One objection to apologetics runs as follows: “Only God can effectively call someone to faith”. Well, amen and hallelujah. But how does God call us? Typically, through his word; and it is astonishing how often God’s word reasons with unbelief. For example Paul opens his chief theological statement, the book of Romans, with a critique of idolatry and polytheism. The creator’s eternal power is revealed through the natural world; the author of this creation must be far greater than anything in the created realm. Yet, even though everyone instinctively searches for God, pagans worship with pieces of wood and stone. This is foolishness, for they should know that something even more beautiful lies behind the beauty of nature. .
Paul makes a similar argument to the Athenians in Acts 17. The ‘world and everything in it’ reflects the power of one creator. If everything in this world depends on a creator, then it follows that the creator cannot depend on anything in nature. It is madness, then, to bring food to idols as a means of honouring the divine. Furthermore, it is absurd to suggest that anything fashioned by human hand could contain or convey the majesty of the creator. These arguments would have been familiar to the Stoic and Epicurean philosophers of Athens. They might even have been sympathetic to Paul’s argument that because all men searched for the same thing, it was more reasonable to believe in one creator. Creation, after all, testified to one designer and one providential plan. 
Of course, if the gods of the pagans cannot adequately account for creation, neither can atheism. Atheism is on trial when Paul writes in Romans and preaches in Athens. Sadly, the philosophers cut Paul off when he mentioned the resurrection; the intellectual elites of Athens were more interested in fashions than truth, as Luke makes clear. But it was a tragic moment when Paul was silenced at the Areopagus, for the reader of Acts knows that he had excellent evidence for the resurrection. Acts not only appeals to the eyewitness testimony of the apostles; Paul could ask the Roman procurator Festus and King Herod Agrippa II to consult the public record! Presumably, the Jewish authorities had some difficulty in accounting for facts like the empty tomb!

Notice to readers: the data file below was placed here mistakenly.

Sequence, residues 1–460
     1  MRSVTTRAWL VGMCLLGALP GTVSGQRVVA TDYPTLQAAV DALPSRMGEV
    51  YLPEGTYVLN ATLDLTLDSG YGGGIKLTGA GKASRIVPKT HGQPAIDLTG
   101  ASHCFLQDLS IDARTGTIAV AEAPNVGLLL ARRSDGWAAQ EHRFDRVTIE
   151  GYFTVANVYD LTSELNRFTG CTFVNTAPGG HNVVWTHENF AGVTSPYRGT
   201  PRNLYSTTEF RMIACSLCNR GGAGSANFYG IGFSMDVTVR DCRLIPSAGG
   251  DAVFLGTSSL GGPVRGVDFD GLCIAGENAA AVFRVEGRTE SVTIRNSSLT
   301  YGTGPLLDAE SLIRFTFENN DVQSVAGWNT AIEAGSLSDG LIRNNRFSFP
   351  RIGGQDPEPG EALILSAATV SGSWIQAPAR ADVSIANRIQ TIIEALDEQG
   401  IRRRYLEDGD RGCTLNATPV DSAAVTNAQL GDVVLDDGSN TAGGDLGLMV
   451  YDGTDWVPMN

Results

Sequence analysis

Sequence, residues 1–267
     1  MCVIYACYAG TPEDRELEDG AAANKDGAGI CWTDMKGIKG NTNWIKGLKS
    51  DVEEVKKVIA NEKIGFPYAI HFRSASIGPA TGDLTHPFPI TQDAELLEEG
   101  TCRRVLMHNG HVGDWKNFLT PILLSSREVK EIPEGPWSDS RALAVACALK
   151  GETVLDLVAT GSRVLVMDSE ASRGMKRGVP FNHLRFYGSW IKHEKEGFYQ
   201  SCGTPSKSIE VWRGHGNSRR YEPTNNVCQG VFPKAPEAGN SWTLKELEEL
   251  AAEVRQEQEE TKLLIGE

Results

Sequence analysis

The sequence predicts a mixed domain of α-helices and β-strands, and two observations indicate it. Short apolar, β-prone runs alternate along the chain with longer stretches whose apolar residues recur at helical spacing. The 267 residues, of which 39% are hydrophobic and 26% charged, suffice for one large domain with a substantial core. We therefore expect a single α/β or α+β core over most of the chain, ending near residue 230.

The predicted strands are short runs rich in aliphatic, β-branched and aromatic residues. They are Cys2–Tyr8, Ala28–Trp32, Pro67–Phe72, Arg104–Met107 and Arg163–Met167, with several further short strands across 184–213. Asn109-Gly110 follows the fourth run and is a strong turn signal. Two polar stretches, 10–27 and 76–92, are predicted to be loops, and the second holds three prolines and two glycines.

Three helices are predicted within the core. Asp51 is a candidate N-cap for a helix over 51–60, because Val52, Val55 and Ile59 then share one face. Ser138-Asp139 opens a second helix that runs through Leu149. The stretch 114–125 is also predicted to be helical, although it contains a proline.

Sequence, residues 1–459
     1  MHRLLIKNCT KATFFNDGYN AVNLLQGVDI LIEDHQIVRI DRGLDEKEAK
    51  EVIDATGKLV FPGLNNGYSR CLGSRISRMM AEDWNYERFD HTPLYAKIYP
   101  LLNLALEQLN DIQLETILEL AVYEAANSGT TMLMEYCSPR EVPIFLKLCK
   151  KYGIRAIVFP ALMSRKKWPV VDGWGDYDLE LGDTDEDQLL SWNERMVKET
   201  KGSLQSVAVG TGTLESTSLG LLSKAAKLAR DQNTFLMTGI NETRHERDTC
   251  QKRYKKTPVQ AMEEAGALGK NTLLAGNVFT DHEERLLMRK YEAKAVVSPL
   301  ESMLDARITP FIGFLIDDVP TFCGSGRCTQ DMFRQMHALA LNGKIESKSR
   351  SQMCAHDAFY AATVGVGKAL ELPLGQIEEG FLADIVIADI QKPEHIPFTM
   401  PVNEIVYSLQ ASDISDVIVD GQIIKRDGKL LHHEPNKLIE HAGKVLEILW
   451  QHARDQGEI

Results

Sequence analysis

When we are explaining the Gospel we have an obligation to let the Scriptures speak; and God’s word contends that unbelief makes no sense. God’s call does not bypass our brains. So we must follow Paul’s example and argue passionately for the Gospel. Without the doctrine of creation man cannot make sense of his world; without the doctrine of the Fall he cannot make sense of himself. Without God’s Law he has no meaning; without God’s Gospel he has no hope. This is not a quest for academic credentials; we are not seeking intellectual respectability. But it remains the duty of every evangelist, every preacher, every pastor, and every Christian, to do all that they can to persuade the unbeliever of the truth of the Gospel. And that means apologetics!
 See James Barr Biblical Faith and Natural Theology (Clarendon:1994) pp21-80
 See James Dunn Beginning From Jerusalem: v. 2 Christianity in the Making (Eerdmans:2009)pp683-686; Bruce W. Winter, “Introducing the Athenians to God: Paul’s failed apologetic in Acts 17?” Themelios 31.1 (October 2005): 38-59